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review 2018-11-25 00:52
Wow
The Bees: A Novel - Laline Paull

When this book first came out, it was compared to Atwood's Handmaid's Tale.  I think this is because of the reproduction theme that makes up part of the book.  But such a  comparison is false.  It is actually an American The Hen Who Dream She Could Fly.

 

On the surface, the story is about a bee, a Flora, who might be more than just a simply Flora (a basic sanitation bee).  She finds herself tending the young, even meeting the queen.  But the hive has problems.  

 

The book is really about being, of not so much finding oneself but of being.  Of coming to terms with being and pushing back against injustice, to a degree.  But it is also about natural cycles (there is a wonderful framing device that is tied to folklore about bees).

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text 2018-10-31 03:35
Reading progress update: I've read 92 out of 352 pages.
The History of Bees - Maja Lunde

I'm putting this one on hold, actually, it's been on hold. I am having difficulty connecting to any of the characters and story lines. (All story lines are at a different time periods). I really thought I would like this book.

The story line follows bees, from farmers who built beehives and depended on bees, to people who hand pollinated flowers and more to ensure they bloomed and produced food since bees were extinct. I'm big on gardening, so i do love my bees and other pollinators flying around my yard. So I don't think it's the story itself. It is translated, but it seems to be a decent translation. But, the going back and forth between time frames and characters seems to be bothering me. Each section is short, but there's like 5 time frames the author is switching to and from. Kind of difficult to get to know the characters and follow each story line.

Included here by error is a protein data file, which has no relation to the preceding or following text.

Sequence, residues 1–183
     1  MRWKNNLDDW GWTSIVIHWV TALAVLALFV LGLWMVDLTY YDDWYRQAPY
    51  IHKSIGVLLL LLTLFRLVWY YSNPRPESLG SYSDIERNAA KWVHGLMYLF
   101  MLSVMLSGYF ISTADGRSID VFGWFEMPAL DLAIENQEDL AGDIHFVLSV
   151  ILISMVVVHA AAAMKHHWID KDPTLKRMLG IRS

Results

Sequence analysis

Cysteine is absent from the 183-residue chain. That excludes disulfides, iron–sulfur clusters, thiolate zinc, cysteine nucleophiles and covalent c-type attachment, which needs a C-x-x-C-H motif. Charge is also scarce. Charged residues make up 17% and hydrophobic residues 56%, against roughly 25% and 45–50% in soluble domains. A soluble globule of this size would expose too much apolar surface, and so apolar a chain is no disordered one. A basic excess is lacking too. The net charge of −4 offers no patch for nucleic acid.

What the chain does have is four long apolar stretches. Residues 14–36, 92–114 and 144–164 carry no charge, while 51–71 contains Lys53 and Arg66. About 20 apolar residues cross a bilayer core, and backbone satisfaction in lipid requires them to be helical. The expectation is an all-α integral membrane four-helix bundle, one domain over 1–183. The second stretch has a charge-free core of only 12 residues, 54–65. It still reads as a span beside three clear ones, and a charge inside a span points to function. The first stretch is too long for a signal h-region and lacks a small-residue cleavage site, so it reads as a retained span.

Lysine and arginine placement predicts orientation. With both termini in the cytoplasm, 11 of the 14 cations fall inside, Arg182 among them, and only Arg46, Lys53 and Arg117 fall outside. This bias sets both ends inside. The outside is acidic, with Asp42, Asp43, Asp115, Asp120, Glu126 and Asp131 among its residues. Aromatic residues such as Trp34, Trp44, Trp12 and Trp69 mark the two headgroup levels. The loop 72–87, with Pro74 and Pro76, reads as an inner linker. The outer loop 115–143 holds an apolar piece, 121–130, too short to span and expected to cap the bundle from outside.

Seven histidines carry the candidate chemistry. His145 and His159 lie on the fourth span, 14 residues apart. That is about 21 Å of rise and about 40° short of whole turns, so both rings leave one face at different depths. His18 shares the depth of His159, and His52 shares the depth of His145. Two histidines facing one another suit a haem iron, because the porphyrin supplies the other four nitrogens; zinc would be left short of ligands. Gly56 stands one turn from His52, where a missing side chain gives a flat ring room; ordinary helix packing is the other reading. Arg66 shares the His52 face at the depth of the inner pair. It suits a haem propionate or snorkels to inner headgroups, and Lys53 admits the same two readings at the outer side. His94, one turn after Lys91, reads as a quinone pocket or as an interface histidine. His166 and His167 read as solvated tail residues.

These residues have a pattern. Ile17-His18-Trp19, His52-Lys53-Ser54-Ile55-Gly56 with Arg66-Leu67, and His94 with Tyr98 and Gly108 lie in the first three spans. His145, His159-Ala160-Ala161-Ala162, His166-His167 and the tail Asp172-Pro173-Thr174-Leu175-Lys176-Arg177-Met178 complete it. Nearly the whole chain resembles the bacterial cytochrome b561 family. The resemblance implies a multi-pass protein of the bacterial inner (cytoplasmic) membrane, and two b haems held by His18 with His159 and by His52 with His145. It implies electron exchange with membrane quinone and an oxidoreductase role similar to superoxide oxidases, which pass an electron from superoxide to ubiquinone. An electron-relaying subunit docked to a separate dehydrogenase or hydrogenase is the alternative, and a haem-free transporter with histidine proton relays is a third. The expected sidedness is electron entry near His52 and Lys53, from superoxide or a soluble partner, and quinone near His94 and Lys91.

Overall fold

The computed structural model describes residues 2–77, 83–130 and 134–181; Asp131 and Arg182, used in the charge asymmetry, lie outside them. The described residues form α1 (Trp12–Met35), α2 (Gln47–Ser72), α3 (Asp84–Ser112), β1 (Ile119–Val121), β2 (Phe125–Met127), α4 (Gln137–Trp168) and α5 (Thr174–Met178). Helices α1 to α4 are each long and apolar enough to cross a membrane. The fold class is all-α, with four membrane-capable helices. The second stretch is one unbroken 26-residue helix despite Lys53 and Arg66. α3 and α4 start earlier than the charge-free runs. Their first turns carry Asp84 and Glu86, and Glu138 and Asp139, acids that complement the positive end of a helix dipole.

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text 2018-10-10 20:58
@MbD: A Wild Bee Hotel

... at Hamburg Zoo, with all sorts of different nesting options matching the various bee species' requirements.  Neat, isn't it?

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review 2018-07-09 07:49
BUZZ by THOR HANSON
Buzz: The Nature and Necessity of Bees - Thor Hanson

TITLE:  Buzz:  The Nature and Necessity of Bees

 

AUTHOR:  Thor Hanson

 

PUBLICATION DATE:  10 July 2018

 

FORMAT:  ARC ebook

 

ISBN-13:  9780465052615

_________________________________

 

NOTE: I received an Advanced Readers Copy of this book from NetGalley. This review is my honest opinion of the book.

_________________________________

 

Book Description:

"From the award-winning author of The Triumph of Seeds and Feathers, a natural and cultural history of the buzzing wee beasties that make the world go round.


Bees are like oxygen: ubiquitous, essential, and, for the most part, unseen. While we might overlook them, they lie at the heart of relationships that bind the human and natural worlds. In Buzz, the beloved Thor Hanson takes us on a journey that begins 125 million years ago, when a wasp first dared to feed pollen to its young. From honeybees and bumbles to lesser-known diggers, miners, leafcutters, and masons, bees have long been central to our harvests, our mythologies, and our very existence. They've given us sweetness and light, the beauty of flowers, and as much as a third of the foodstuffs we eat. And, alarmingly, they are at risk of disappearing.


As informative and enchanting as the waggle dance of a honeybee, Buzz shows us why all bees are wonders to celebrate and protect. Read this book and you'll never overlook them again.